Jin Wang starts at a new school where he’s the only Chinese-American student. When a boy from Taiwan joins his class, Jin doesn’t want to be associated with an FOB like him. Jin just wants to be an all-American boy, because he’s in love with an all-American girl. Danny is an all-American boy: great at basketball, popular with the girls. But his obnoxious Chinese cousin Chin-Kee’s annual visit is such a disaster that it ruins Danny’s reputation at school, leaving him with no choice but to transfer somewhere he can start all over again. The Monkey King has lived for thousands of years and mastered the arts of kung fu and the heavenly disciplines. He’s ready to join the ranks of the immortal gods in heaven. But there’s no place in heaven for a monkey. Each of these characters cannot help himself alone, but how can they possibly help each other? They’re going to have to find a way―if they want fix the disasters their lives have become.―Amazon

Poetry Resources

Celebrating Asian American Heritage

If you aren’t familiar with Asian/Pacific American poets, this Poetry Teatime post will give you a good place to get started! Keep reading.

Types of Asian and Pacific Poetry

Ever heard of a syair? What about twin cinema? While one of those poetic forms is ancient and one is brand new, they do have one thing in common: they were both created in Asia. In honor of Asian and Pacific American Heritage Month in the US, let’s take a look at the vast array of forms in Asian and Pacific poetry. Keep reading.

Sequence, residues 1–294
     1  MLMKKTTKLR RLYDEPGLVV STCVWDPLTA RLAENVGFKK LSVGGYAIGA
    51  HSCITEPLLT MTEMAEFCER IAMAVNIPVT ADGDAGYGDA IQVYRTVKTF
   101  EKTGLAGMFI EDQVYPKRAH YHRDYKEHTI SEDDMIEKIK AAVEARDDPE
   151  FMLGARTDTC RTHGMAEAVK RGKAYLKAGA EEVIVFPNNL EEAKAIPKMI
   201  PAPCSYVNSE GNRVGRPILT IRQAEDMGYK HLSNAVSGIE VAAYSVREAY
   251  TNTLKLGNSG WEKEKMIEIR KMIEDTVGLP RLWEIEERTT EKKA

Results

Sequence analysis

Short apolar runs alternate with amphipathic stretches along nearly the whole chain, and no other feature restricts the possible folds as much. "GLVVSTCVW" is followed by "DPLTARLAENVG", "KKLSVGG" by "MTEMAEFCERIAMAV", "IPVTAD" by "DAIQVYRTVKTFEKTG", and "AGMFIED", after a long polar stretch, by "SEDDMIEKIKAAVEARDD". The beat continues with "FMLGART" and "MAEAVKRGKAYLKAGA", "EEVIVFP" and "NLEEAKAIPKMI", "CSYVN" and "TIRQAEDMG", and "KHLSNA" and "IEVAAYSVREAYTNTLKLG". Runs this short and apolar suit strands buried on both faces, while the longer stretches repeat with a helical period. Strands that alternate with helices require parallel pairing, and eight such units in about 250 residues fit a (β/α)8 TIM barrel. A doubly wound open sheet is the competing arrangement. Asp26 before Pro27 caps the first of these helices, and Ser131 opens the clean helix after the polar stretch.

Japanese Teatime

Japan has one of the most elaborate tea ceremonies in the world. It involves special utensils, treats, gestures, and an entire philosophy for sharing tea! In today’s post, learn about this philosophy of the Japanese tea ceremony and ways to incorporate some of those practices into your own teatime routines. Keep reading.


Brave Learner Home

Podcast: Practicing Psychological Flexibility and ACT with Dr. Diana Hill

Brave Writer Podcast

The podcast has been dark for a few months… and for a good reason! I just wrapped up writing my newest book (out February 2022). Now that it’s in the hands of publishers, I’m ready to get back to the business of podcasting.